March 30, 2007 @ Noon: Gallery Talk with George Herms
Farmlab Artist-in-Residence George Herms will discuss the Garden of Brokenness at a lunchtime salon, at Farmlab, on Friday March 30th. This free event starts at noon and a light lunch will be provided.

May 4, 2007 @ Noon: Farmlab Salon with Brian Morgan, Carousel Historian
Join carousel historian Brian Morgan as he discusses the colorful and fascinating history of the merry-go-round, and much more.

May 18, 2007 @ Noon: Gallery Talk with the Farmlab Team
Farmlab conceptual artist Lauren Bon, sculptor George Herms, gardener Jaime Lopez Wolters, and fellow Farmlab team members discuss the Garden of Brokenness at a lunchtime salon, at Farmlab, on Friday, May 18th. This free events starts aat noon and a light lunch will be provided.

What is Farmlab?

The team behind the Not A Cornfield project in Downtown Los Angeles has become Farmlab, a six-month multi-disciplinary investigation of land use issues that are related to sustainability, livability, and health. Among much more, Farmlab is exploring what role, if any, the team can and should play in matters related to lessons raised and learned from the Not A Cornfield project. Continuing to serve as a catalyst for community involvement and change through the development of art actions, projects, and otherwise, Farmlab is dedicated to the preservation and perpetuity of all living things.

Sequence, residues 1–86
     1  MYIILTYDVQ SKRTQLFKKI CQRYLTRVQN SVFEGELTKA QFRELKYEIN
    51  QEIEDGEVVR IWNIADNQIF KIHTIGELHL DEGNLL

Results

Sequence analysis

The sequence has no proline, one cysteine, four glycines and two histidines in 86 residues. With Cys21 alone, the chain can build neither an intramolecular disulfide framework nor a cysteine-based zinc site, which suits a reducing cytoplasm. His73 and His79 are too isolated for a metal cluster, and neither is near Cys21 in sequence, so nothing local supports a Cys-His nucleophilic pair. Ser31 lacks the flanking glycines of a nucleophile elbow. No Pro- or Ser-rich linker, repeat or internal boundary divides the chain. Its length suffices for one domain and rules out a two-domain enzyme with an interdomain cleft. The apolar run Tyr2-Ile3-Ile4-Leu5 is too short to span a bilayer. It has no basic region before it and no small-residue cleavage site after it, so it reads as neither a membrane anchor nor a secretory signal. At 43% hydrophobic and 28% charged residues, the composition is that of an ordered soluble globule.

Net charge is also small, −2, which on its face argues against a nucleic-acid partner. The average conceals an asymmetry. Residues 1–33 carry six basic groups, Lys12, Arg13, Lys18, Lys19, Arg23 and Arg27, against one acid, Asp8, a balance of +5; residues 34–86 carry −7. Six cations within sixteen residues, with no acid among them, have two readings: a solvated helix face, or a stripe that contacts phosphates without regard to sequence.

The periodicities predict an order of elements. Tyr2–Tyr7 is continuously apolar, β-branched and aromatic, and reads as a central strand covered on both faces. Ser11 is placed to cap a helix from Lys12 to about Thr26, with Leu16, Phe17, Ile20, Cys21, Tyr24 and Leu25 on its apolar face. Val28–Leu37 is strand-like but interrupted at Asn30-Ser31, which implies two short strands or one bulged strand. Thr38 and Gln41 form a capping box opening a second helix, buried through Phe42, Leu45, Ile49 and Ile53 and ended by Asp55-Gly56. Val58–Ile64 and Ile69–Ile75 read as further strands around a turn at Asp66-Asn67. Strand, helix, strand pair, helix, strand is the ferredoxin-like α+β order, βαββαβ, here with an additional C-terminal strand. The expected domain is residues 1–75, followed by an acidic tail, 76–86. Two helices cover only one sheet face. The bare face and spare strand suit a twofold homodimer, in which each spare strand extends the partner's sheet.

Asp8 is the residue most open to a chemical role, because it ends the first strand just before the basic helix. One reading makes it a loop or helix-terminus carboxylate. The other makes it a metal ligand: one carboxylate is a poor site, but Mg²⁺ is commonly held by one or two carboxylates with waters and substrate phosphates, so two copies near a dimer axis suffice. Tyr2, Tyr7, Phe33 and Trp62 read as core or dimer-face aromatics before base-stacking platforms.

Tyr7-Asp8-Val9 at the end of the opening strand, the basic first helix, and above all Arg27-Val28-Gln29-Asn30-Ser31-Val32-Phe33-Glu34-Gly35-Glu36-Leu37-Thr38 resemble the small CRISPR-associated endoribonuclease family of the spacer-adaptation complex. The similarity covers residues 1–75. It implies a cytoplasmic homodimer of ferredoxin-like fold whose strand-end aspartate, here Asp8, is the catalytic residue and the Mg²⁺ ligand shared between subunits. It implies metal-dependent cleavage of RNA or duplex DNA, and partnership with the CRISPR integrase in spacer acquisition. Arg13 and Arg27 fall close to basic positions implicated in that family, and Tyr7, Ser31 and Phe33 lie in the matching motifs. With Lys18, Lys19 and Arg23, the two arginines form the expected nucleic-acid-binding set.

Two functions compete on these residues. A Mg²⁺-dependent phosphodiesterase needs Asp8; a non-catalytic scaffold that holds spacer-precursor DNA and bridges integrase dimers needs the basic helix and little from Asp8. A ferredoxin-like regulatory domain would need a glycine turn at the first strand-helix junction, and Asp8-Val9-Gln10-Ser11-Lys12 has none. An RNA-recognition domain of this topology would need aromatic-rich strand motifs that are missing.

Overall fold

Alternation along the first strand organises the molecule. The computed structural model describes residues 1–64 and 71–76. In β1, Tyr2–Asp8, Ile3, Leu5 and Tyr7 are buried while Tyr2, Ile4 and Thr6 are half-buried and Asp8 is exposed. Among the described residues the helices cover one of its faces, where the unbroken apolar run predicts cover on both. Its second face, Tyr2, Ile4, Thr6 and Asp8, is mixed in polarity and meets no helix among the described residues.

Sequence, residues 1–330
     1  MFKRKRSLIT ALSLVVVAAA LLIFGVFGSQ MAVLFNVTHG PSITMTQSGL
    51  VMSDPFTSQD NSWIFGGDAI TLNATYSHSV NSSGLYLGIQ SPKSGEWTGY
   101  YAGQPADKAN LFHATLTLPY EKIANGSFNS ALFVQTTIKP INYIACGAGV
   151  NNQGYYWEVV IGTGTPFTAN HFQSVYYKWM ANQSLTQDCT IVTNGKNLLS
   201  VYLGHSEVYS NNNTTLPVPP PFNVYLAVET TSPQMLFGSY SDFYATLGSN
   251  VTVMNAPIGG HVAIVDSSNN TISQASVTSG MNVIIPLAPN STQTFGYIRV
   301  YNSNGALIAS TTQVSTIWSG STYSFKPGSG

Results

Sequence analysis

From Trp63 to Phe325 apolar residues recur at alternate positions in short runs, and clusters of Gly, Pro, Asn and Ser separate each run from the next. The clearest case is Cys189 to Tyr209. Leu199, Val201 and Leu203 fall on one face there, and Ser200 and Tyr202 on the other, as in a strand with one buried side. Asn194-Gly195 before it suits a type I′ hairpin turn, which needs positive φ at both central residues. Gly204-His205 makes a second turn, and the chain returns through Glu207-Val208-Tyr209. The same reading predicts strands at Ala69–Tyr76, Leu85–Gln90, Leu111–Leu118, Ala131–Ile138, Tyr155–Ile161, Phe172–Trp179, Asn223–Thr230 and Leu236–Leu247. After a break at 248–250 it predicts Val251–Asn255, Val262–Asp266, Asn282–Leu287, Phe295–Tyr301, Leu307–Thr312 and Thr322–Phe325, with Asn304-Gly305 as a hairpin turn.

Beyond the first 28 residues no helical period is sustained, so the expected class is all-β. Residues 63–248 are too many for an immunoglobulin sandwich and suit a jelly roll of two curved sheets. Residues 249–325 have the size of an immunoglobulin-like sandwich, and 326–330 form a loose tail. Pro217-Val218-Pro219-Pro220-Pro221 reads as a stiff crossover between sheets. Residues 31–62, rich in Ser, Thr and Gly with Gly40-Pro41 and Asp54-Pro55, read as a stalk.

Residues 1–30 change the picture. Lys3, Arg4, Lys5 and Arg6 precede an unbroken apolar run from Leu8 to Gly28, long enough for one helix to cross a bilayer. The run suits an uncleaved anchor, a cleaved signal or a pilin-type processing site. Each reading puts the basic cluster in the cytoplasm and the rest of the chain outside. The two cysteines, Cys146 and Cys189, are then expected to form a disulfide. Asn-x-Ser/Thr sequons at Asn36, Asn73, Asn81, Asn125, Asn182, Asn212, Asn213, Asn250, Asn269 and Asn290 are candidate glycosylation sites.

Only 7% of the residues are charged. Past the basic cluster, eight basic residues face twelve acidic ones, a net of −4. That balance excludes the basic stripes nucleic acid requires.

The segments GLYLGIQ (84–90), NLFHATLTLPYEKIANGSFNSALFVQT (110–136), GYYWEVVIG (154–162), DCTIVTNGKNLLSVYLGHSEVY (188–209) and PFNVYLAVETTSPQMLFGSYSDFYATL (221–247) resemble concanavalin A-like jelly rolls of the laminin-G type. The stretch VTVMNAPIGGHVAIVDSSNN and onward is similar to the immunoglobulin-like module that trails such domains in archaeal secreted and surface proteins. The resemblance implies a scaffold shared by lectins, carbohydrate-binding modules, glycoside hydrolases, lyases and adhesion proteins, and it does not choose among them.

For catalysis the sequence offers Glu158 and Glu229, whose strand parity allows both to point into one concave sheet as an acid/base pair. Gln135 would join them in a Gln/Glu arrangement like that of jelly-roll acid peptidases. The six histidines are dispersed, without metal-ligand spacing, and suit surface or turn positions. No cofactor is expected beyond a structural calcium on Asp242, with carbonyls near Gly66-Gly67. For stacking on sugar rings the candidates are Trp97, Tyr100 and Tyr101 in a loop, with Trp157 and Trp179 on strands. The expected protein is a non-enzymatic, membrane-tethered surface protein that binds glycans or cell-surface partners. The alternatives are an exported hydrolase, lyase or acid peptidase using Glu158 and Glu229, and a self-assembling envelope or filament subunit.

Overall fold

More information: visit, call 323 226 1158 or email [email protected]




Photo Details of Garden of Brokenness Exhibition by Farmlab

More Photos Will be Added In The Coming Days.



Special Program
The 2010 Imperative: Global Emergency Teach-In
Tuesday, February 20 @ 9:00am-12:30pm

The 2010 Imperative Global Emergency Teach-In
A free live web-cast from the New York Academy of Sciences

Join local co-sponsors Farmlab, Materials & Applications, and the AIA-LA at this viewing and discussion site for the worldwide happening.

About The 2010 Imperative: Global Emergency Teach In